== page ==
Saturday, May 2, 2009

Indicators For The Economy: Leads, Lags, and Coincidence

One common complaint from just about everyone is that economic data comes out at a fairly big lag. Malaysian quarterly GDP reports typically come out two months after the fact, which makes informed decision making difficult at best. I've laid out some of the reasons for the lag in this post here.

There are however some indicators that can give you a fairly accurate representation of what the economy is doing at much faster frequencies. The Department of Statistics issues monthly composite indexes that do exactly that. The Lagging Index is supposed to affirm the trajectory of the economy after the fact, the Coincident Index shows what the economy is doing right now, while the Leading Index gives an idea of how the economy will do in the future about 1 or 2 quarters ahead.

Here's what the indexes are showing up to February 2009:

All the Indexes are turning up, which gives some comfort that things are turning around. But how good really are these indexes relative to actual economic performance? The answer is: except for the Lagging Index surprisingly good.

I evaluated all three against real GDP (sample range 2005:1 to 2008:4), using both seasonal adjustment (x11) and with seasonal dummies. The quarterly index numbers are arrived at by averaging the monthly index numbers.

Only the Lagging Index didn't fit at all well. In terms of forecasting, the Coincident Index fit well in-sample but not forecasting out of sample (charts and results shown are for the non-seasonally adjusted regressions):

In-Sample Forecast (2005:1 to 2008:4):

LOG(RGDP_2005) = -0.63*LOG(IND_COIN) + 2.38*LOG(IND_COIN(-1)) + 3.36 + 0.01*D2 + 0.04*D3 + 0.03*D4

Out of Sample Forecast (2005:1 to 2007:4; dynamic forecast to 2009:1):

LOG(RGDP_2005) = 1.6729687*LOG(IND_COIN) + 3.69 + 0.01*D2 + 0.04*D3 + 0.04*D4

The Leading Index on the other hand is remarkably accurate:

In-Sample Forecast (2005:1 to 2008:4):

LOG(RGDP_2005) = 1.01*LOG(IND_LEAD) + 6.67 + 0.01*D2 + 0.04*D3 + 0.03*D4

Out of Sample Forecast (2005:1 to 2007:4; dynamic forecast to 2009:1):

LOG(RGDP_2005) = 1.02*LOG(IND_LEAD) + 6.63 + 0.01*D2 + 0.03*D3 + 0.03*D4

I admit to being surprised by these results. I would've thought the Lagging Index to be most accurate, and the Leading Index the least accurate - it turns out the opposite is true. The forecast standard error for the Leading Index is actually half that of the Coincident Index. I'd caution however that the above analysis is based on a rather short sample (reminder to self: a trip to DOS seems warranted). I'd love to know the exact composition of the Indexes and the source data - cointegration analysis would give a good idea of short term dynamics, as well as the relative importance of each component.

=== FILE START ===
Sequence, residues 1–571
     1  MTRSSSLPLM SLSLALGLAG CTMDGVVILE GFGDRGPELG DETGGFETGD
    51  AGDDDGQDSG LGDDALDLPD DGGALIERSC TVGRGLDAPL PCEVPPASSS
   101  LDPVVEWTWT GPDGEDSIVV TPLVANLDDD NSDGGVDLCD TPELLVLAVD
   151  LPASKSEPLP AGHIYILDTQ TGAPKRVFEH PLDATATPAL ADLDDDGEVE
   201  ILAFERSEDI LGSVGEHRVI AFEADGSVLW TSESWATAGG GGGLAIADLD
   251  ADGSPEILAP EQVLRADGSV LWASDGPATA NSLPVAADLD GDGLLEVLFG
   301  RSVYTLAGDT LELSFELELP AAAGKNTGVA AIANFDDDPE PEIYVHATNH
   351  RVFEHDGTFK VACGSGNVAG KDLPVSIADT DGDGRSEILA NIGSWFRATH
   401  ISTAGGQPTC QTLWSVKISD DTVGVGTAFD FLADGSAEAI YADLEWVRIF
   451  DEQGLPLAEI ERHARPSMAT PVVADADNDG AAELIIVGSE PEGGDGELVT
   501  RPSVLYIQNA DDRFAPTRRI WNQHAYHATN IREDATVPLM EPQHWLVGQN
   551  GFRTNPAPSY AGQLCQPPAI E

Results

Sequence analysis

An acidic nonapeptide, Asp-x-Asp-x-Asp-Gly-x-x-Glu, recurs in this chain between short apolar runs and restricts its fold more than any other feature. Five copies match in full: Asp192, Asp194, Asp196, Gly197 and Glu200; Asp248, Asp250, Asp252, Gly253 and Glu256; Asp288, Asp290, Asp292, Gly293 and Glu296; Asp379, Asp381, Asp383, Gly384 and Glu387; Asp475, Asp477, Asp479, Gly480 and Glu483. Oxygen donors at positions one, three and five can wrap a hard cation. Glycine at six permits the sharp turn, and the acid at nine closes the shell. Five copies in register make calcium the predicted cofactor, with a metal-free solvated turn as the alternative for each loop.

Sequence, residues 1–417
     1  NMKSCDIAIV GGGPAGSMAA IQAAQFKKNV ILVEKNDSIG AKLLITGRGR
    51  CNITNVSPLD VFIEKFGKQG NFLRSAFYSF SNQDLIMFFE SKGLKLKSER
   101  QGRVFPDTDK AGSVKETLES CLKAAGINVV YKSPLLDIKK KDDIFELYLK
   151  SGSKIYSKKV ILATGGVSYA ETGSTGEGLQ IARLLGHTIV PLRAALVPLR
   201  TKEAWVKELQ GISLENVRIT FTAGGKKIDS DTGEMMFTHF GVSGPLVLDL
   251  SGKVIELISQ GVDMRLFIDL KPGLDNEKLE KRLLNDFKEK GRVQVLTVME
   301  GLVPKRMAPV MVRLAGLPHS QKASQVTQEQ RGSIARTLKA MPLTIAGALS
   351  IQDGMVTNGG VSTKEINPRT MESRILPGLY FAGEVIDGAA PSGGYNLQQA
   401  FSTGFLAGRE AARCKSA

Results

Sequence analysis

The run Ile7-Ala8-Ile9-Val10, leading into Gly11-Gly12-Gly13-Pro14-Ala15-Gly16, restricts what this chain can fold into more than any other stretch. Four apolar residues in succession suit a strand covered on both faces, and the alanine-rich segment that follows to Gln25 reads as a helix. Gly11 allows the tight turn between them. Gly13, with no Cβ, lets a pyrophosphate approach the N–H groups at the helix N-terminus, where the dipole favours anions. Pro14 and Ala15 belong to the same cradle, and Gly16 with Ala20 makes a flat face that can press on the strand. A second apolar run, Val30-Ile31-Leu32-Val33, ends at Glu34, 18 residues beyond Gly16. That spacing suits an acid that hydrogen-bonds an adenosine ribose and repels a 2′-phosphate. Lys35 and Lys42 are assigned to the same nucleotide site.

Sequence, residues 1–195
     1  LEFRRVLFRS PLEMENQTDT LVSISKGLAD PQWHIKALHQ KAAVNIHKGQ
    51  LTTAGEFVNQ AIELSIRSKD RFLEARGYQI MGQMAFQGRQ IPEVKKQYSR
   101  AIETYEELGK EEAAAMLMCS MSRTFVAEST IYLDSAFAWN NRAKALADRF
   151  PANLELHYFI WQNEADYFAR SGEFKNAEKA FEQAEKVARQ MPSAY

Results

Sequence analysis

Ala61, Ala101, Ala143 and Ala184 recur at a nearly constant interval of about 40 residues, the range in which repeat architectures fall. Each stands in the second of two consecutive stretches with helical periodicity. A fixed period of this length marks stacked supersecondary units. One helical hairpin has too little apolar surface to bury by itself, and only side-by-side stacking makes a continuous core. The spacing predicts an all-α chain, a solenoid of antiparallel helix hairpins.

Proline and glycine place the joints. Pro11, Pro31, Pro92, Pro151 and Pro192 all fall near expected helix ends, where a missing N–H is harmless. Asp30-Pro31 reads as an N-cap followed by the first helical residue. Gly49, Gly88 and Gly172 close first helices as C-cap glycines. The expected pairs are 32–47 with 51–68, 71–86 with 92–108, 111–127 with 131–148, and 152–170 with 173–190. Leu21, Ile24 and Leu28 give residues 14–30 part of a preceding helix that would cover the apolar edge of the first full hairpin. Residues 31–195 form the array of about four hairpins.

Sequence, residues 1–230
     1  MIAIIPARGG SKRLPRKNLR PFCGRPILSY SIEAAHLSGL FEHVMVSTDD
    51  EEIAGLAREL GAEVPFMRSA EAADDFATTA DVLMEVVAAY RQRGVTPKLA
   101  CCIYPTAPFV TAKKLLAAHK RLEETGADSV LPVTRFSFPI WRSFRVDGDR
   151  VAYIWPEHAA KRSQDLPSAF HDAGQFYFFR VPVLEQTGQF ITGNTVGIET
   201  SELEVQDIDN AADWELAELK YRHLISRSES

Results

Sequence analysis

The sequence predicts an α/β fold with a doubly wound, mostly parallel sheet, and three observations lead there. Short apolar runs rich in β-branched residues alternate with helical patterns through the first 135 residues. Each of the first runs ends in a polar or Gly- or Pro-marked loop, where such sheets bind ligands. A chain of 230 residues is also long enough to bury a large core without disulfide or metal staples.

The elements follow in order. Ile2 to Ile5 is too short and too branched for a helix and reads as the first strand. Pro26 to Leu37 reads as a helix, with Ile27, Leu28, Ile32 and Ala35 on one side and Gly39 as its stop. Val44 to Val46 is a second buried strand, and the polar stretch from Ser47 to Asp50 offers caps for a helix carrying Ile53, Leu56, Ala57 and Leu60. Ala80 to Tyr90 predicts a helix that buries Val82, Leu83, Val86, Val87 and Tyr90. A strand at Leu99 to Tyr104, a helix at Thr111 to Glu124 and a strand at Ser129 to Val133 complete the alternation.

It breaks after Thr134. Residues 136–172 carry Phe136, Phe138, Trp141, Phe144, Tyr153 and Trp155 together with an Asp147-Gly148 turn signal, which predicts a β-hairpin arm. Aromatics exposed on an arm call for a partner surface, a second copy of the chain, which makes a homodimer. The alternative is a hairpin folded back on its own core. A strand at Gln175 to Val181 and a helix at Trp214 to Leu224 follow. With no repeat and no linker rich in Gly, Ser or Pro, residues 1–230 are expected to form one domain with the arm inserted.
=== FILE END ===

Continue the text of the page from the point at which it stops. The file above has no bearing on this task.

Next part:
What does the Leading Index forecast say about 2009:1Q GDP? Based on the full sample:

Point forecast: RM128,236.1
Upper Bound: RM130,497.9
Lower Bound: RM125,974.4

The point forecast is equivalent to -0.7% growth y-o-y, and -9.5% growth q-o-q annualised, both down from 4Q 2008 growth but rather better than I expected. We'll see how accurate this is when the 1Q 2009 report comes out at the end of this month.


  1. bro hishamh

    Most enlightening. We are learning much from you. Keep up the first-class work, bro.

  2. Hi Hishamh,

    Some questions, hope you can enlighten me on:
    1. Which indicator (lagging, coincident, or leading) that the government (maybe BNM) looks at before taking action on policy changes ?

    2. Is it possible to tell how long is the lead for leading indicator, lag for lagging indicator ? Is the coincident indicator really coincident or with some lead or lag ?

    3. I saw from a book that for US, ratio of (coincident/lagging) tends to signal economic turnarounds ahead of leading indicator. Is this true for M’sia data ?

  3. 1. It would have to be BNM - fiscal policy works too slowly. As far as which index, TBH I don't know for sure, but if I have to guess it would be the coincident and leading indexes.

    2. The way I constructed this evaluation, it's hard to tell the lag structure. To figure that out I'd have to decompose GDP into monthly frequencies - not something I've studied yet. I'll revisit this topic when I have. But from my equations, it looks like both coincident and leading indexes are within one quarter of actual economic activity.

    3. That's a new one to me, but given how poorly the lagging index is in tracking GDP, I wouldn't rely on that metric too much. In any case, the ratio for Malaysia is still looking down.

  4. Hi Hishamh,

    Thx for your insights.
    On 3, the book that I mention is “The Atlas of Economic Indicators” by W. Stansbury Carnes and Stephen D. Slifer. It may be a book more for layman like me. Wonder whether its points are “correct”.
    Pg. 139 under short paragraph of : “the ratio of coincident to lagging indicator may be the best leading indicator of all”. It says this is due to business cycle.

    Early stage of economic upswing: coincident rise, lagging unchanged; thus ratio rise.
    Near peak: coincident rate of increase < lagging rate of increase; thus ratio begins to fall
    Near trough of recession: coincident rate of decline < lagging rate of decline; thus ratio rises

    It says this ratio “tend to signal economic turnarounds abt 2 months ahead of leading indicator”.

  5. Interesting theory - unfortunately not something we can check for Malaysian data as yet. The index series just don't go back far enough to test that hypothesis. I've just gotten data on these indexes from 1999, but that means testing based on just two business cycles, which isn't sufficient.